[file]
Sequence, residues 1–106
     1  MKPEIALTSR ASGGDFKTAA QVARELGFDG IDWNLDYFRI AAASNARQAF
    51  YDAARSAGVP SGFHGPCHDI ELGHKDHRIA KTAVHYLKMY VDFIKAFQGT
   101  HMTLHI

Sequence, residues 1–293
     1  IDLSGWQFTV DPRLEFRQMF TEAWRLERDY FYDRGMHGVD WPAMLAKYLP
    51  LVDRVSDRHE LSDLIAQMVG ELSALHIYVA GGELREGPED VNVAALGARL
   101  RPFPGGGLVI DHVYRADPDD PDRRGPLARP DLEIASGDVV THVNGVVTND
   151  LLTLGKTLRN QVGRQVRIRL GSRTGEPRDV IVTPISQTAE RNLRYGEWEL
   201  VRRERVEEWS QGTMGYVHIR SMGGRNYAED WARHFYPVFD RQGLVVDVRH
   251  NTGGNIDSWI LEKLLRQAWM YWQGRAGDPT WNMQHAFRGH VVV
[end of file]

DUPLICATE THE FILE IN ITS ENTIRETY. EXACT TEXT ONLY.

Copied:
Sequence, residues 1–106
     1  MKPEIALTSR ASGGDFKTAA QVARELGFDG IDWNLDYFRI AAASNARQAF
    51  YDAARSAGVP SGFHGPCHDI ELGHKDHRIA KTAVHYLKMY VDFIKAFQGT
   101  HMTLHI

Sequence, residues 1–293
     1  IDLSGWQFTV DPRLEFRQMF TEAWRLERDY FYDRGMHGVD WPAMLAKYLP
    51  LVDRVSDRHE LSDLIAQMVG ELSALHIYVA GGELREGPED VNVAALGARL
   101  RPFPGGGLVI DHVYRADPDD PDRRGPLARP DLEIASGDVV THVNGVVTND
   151  LLTLGKTLRN QVGRQVRIRL GSRTGEPRDV IVTPISQTAE RNLRYGEWEL
   201  VRRERVEEWS QGTMGYVHIR SMGGRNYAED WARHFYPVFD RQGLVVDVRH
   251  NTGGNIDSWI LEKLLRQAWM YWQGRAGDPT WNMQHAFRGH VVV